(“This Week in Glean” is a series of blog posts that the Glean Team at Mozilla is using to try to communicate better about our work. They could be release notes, documentation, hopes, dreams, or whatever: so long as it is inspired by Glean.)
Every Monday the Glean has its weekly Glean SDK meeting. This meeting is used for 2 main parts: First discussing the features and bugs the team is currently investigating or that were requested by outside stakeholders. And second bug triage & monitoring of data that Glean reports in the wild.
Most of the time looking at our monitoring is boring and that’s a good thing.
From the beginning the Glean SDK supported extensive error reporting on data collected by the framework inside end-user applications. Errors are produced when the application tries to record invalid values. That could be a negative value for a counter that should only ever go up or stopping a timer that was never started. Sometimes this comes down to a simple bug in the code logic and should be fixed in the implementation. But often this is due to unexpected and surprising behavior of the application the developers definitely didn’t think about. Do you know all the ways that your Android application can be started? There’s a whole lot of events that can launch it, even in the background, and you might miss instrumenting all the right parts sometimes. Of course this should then also be fixed in the implementation.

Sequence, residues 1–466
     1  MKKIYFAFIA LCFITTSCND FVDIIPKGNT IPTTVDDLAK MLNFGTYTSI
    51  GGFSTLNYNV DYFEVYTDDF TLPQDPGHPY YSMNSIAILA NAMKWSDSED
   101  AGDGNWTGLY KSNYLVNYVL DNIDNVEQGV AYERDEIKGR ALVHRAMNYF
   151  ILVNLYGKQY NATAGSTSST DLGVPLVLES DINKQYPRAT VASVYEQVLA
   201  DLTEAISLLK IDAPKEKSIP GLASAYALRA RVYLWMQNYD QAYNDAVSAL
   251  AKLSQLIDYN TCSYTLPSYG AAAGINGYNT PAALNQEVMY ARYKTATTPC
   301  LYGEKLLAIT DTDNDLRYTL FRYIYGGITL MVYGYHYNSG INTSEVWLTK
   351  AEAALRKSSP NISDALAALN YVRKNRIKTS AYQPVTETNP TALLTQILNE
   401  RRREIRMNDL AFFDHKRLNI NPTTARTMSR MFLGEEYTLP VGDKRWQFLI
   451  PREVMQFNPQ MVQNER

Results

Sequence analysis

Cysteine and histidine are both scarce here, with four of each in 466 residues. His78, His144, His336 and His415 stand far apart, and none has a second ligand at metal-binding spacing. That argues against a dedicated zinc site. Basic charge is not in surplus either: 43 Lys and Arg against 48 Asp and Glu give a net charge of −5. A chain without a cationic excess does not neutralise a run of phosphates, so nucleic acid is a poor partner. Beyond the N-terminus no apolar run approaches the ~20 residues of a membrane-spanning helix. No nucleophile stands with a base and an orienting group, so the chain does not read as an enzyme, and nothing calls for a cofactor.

Monitoring Firefox for Android
For our weekly monitoring we look at one application in particular: Firefox for Android. Because errors are reported in the same way as other metrics we are able to query our database, aggregate the data by specific metrics and errors, generate graphs from it and create dashboards on our instance of Redash.
The above graph displays error counts for different metrics. Each line is a specific metric and error (such as
Invalid Value or
Invalid State). The exact numbers are not important. What we’re interested in is the general trend. Are the errors per metrics stable or are there sudden jumps? Upward jumps indicate a problem, downward jumps probably means the underlying bug got fixed and is finally rolled out in an update to users.
We have another graph that doesn’t take the raw number of errors, but averages it across the entire population. A sharp increase in error counts sometimes comes from a small number of clients, whereas the errors for others stay at the same low-level. That’s still a concern for us, but knowing that a potential bug is limited to a small number of clients may help with finding and fixing it. And sometimes it’s really just bogus client data we get and can dismiss fully.
Most of the time these graphs stay rather flat and boring and we can quickly continue with other work. Sometimes though we can catch potential issues in the first days after a rollout.
In this graph from the nightly release of Firefox for Android two metrics started reporting a number of errors that’s far above any other error we see. We can then quickly find the implementation of these metrics and report that to the responsible team (Filed bug, and the remediation PR).
But can’t that be automated?
It probably can! But it requires more work than throwing together a dashboard with graphs. It’s also not as easy to define thresholds on these changes and when to report them. There’s work underway that hopefully enables us to more quickly build up these dashboards for any product using the Glean SDK, which we can then also extend to do more reporting automated. The final goal should be that the product teams themselves are responsible for monitoring their data.